Just two years after its grand opening, south Sacramento’s Mueller Pet Medical Center is receiving international acclaim in the pages of Veterinary Economics magazine for cutting-edge design that supports exceptional veterinary care.
Mueller has won the magazine’s 2014 Hospital of the Year Award in a competition that garners entries from across the United States and Canada. The owners, Dr. Ken Schenck and his wife, Charla Schenck, invested about $6.8 million and years of research to build the animal hospital. Sacramento architect Kirby Loo of Studioloo Architecture helped them pull it all together – separate waiting spaces, exam rooms and wards for cats and dogs; luxury dog suites equipped with Web-enabled cameras so owners can monitor their pets online; and a pet inn with multiple indoor and outdoor playrooms.
“(The judges) felt we had really done a great job of developing the proper flow,” Ken Schenck said. “A lot of this award is kind of for the functionality of the building, how it works, how it flows, how it serves the customer.”
Longtime readers of this column will recall that the Schencks had to wait years to get the hospital built because so many banks tightened their purse strings after the mortgage crisis. Multiple lenders had competed for the project before 2008, but after the housing meltdown, they backed away. The Schencks made good use of this extra time.
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“We spent quite a few years looking at probably close to 50 other animal hospitals all over the country,” Ken Schenck said. “We went as far away as New Jersey. We went to Louisiana and, of course, Southern California, Oregon, Washington and looked at a number of practices that actually had received the same award that we just received.”
The Schencks appeared to be at the leading edge of a wave of animal hospital expansions in the Sacramento region. Read on to see the latest news on the veterinary scene.
Taking a big leap
In 2004, Dr. Bikram Basra started up his veterinary practice in Rocklin in just 1,600 square feet. He worked almost around the clock, taking late-night emergency calls to build his clientele.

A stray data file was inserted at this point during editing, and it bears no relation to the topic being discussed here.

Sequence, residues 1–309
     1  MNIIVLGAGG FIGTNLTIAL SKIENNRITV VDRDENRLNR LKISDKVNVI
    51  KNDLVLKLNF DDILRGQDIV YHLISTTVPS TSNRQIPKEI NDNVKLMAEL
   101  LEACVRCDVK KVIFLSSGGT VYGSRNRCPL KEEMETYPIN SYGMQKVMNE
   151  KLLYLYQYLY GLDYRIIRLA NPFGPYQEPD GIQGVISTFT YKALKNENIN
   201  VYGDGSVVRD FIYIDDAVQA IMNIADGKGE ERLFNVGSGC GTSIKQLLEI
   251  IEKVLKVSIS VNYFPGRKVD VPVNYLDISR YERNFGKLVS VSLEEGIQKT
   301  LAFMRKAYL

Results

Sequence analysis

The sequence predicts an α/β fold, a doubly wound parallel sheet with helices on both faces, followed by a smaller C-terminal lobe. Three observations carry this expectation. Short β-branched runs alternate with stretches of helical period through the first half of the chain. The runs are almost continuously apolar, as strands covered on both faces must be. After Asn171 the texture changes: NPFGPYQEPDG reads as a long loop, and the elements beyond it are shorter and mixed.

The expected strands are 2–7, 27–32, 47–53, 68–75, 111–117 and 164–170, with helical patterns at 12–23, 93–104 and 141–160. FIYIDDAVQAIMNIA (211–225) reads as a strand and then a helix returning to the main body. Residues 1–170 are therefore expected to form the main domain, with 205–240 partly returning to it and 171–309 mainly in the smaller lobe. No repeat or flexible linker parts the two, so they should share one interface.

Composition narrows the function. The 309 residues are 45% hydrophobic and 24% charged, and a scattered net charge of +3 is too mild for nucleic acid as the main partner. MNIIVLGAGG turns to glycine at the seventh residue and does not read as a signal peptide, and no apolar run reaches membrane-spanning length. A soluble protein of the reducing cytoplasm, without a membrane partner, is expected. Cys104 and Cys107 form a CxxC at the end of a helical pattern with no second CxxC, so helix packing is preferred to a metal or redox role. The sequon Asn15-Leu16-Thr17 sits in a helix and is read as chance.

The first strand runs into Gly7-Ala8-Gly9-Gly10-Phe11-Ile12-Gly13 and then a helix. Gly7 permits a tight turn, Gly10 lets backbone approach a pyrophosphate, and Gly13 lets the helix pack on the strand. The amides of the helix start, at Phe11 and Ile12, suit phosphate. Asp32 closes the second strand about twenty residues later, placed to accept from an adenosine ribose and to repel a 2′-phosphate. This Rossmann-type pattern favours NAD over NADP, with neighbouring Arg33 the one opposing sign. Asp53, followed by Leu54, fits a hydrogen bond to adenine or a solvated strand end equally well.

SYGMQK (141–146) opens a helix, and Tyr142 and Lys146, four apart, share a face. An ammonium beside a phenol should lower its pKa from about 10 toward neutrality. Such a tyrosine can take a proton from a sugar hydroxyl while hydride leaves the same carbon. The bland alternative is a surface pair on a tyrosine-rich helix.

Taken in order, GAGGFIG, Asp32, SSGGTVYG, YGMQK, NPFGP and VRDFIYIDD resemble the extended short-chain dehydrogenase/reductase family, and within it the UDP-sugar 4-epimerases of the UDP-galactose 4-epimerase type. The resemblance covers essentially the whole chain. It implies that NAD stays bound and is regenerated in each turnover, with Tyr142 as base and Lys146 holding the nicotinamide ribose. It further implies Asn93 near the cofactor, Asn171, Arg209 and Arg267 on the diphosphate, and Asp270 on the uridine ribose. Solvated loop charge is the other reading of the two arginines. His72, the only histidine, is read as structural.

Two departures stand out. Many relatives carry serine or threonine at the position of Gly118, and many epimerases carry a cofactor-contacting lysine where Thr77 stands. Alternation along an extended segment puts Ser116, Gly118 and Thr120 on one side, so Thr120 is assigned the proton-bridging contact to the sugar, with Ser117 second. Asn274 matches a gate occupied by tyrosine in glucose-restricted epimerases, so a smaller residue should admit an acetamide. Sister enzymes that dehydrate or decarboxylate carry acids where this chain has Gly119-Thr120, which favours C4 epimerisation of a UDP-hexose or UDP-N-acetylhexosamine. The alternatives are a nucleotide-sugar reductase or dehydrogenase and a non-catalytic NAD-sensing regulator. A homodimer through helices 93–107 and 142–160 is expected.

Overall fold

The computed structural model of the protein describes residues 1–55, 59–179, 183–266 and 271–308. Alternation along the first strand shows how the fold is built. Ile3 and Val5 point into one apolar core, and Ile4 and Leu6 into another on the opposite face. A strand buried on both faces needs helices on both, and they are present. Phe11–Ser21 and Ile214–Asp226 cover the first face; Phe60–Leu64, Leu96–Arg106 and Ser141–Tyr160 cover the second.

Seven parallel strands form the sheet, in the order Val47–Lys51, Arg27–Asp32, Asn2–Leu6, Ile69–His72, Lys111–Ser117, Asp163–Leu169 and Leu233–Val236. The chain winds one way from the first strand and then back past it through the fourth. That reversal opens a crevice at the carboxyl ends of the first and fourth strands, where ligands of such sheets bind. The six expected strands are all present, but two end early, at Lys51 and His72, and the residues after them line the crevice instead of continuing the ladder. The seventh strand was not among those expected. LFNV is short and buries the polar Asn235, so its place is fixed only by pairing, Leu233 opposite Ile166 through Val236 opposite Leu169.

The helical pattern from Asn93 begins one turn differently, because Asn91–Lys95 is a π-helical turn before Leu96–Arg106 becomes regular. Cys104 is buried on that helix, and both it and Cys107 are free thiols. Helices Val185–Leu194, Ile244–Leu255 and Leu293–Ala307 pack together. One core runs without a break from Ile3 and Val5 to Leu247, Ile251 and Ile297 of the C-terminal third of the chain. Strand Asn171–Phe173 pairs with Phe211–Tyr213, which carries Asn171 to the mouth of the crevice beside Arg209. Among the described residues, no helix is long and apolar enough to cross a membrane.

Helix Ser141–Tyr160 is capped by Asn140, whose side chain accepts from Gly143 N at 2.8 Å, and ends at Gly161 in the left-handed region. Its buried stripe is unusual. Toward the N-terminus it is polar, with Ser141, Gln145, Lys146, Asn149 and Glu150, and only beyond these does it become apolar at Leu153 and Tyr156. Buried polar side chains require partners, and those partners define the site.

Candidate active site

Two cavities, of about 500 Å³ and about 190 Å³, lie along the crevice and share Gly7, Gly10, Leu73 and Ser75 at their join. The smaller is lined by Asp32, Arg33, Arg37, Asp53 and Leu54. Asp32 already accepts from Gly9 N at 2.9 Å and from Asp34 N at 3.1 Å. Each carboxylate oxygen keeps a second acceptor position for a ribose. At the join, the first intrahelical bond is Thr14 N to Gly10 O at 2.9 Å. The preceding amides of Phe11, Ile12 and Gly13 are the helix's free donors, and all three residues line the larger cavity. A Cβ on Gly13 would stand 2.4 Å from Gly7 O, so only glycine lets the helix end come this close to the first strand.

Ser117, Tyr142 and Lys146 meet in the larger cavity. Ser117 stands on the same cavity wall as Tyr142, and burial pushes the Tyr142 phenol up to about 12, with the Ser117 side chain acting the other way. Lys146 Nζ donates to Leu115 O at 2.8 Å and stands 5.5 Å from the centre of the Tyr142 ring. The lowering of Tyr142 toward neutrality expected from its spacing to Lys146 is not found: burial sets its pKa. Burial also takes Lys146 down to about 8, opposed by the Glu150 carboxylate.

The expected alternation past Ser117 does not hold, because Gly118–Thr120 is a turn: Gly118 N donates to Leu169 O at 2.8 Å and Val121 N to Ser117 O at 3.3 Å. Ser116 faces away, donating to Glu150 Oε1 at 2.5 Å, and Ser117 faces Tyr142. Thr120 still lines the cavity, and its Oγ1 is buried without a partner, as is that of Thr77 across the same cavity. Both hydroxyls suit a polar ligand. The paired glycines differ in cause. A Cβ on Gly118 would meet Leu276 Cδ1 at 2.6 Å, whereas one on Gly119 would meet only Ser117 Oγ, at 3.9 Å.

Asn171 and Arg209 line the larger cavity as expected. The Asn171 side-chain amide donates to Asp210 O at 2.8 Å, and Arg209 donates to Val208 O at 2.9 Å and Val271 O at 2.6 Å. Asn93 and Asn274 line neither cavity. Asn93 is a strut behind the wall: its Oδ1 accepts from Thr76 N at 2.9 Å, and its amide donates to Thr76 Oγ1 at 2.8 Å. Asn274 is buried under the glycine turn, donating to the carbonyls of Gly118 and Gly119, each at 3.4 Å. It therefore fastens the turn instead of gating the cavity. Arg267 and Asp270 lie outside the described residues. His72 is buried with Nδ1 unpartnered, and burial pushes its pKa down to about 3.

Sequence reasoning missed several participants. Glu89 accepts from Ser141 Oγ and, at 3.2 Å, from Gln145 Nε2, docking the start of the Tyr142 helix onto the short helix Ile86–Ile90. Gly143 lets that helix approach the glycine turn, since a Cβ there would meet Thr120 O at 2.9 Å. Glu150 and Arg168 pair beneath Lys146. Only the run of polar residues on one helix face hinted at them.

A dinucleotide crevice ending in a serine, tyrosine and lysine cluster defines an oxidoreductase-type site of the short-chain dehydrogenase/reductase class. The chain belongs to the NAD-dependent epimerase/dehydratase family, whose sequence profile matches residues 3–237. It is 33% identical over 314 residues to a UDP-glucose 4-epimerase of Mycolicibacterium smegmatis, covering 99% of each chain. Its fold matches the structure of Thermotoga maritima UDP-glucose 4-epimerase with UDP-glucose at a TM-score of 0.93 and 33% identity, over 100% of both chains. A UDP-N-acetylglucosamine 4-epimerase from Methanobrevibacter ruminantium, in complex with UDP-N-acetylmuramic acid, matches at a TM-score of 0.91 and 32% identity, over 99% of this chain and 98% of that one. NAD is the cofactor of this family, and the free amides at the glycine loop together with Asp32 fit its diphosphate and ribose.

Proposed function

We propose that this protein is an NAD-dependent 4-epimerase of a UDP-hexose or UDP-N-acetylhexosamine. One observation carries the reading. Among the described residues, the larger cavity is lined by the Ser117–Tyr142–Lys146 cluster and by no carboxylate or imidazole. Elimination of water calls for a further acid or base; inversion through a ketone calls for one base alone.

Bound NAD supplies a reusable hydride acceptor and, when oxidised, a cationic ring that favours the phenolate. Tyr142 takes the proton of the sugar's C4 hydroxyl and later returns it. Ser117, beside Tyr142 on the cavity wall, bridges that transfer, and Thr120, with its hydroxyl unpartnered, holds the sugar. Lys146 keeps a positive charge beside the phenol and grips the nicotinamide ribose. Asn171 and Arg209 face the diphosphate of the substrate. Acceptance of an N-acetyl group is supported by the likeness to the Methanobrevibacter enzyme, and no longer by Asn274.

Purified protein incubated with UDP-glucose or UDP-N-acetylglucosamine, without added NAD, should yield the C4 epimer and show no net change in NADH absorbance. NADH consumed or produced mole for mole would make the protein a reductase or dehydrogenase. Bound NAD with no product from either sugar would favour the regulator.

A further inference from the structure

His wife, Dr. Sukhdeep Kaur, hadn’t passed her veterinary board exams at that time, Basra said, so she was the receptionist, kennel worker, technician and pretty much everything else.
“We’d come in the morning at 6 o’clock or 7 o’clock, check on all the dogs we had and clean the cages. At 8 o’clock, we’d start seeing appointments. My wife would go home to study for her boards, and I would call her and say, ‘Hey, it just got busy. C’mon back.’ She would walk back. We lived really close in an apartment building nearby.”
The two acquired another practice in 2010 and gave the consolidated business a new name, Rocklin Ranch Veterinary Hospital. They have operated out of a 3,000-square-foot space at a shopping center on Sunset Boulevard at Stanford Ranch Road since then. Their staff had grown to 30-plus people, so it was a tight squeeze. They might have been there for several years more, however, if a friend of Basra’s hadn’t suggested that he and Kaur take a look at a foreclosed building across the street.
They did, and they couldn’t believe the price. They discovered they would be able to acquire the 11,000-square-foot property, remodel it, add new technology and amenities, and yet their overhead would be about the same as what it was at their current space. Rocklin Ranch Veterinary opened Tuesday at its new space at 2201 Plaza Drive, which includes 11 exam rooms, 10 luxury dog suites painted with custom murals and three surgery spaces. Since the Rocklin Ranch practice also runs the city of Rocklin’s shelter, there will be pets available for adoption in the lobby.
Expand or lose ground
The parking headaches at Sacramento Animal Hospital, 5701 H St., had grown so big that Dr. Diana Cortez and her two partners began to be concerned that pet owners would seek out other vets because of it.
“We’ve always had more people wanting to come in than we can accommodate,” Cortez told me. “Our facility is only about 3,400 square feet, and we only have three exam rooms with seven doctors and only five parking spots. So we reached a point where our major complaints were: ‘I can’t get in, and I can’t park.’ So we were hitting that wall where if we didn’t grow or find a way to grow, things would be quickly turning around for us.”
That’s why Cortez and her partners, Dr. Karen Mulvihill and Dr. Erin True, bought the meatpacking place next door, demolished it and are building a new animal hospital on that site. Their staff of about 20 expects to move into the new 5,800-square-foot building at the end of March. Then their current hospital space will be leveled to make room for 23 much-needed parking spots. During the construction, they’re offering complimentary valet parking.
The new animal hospital will have double the number of exam rooms, office space on the second floor, a phone triage area and improved workflow.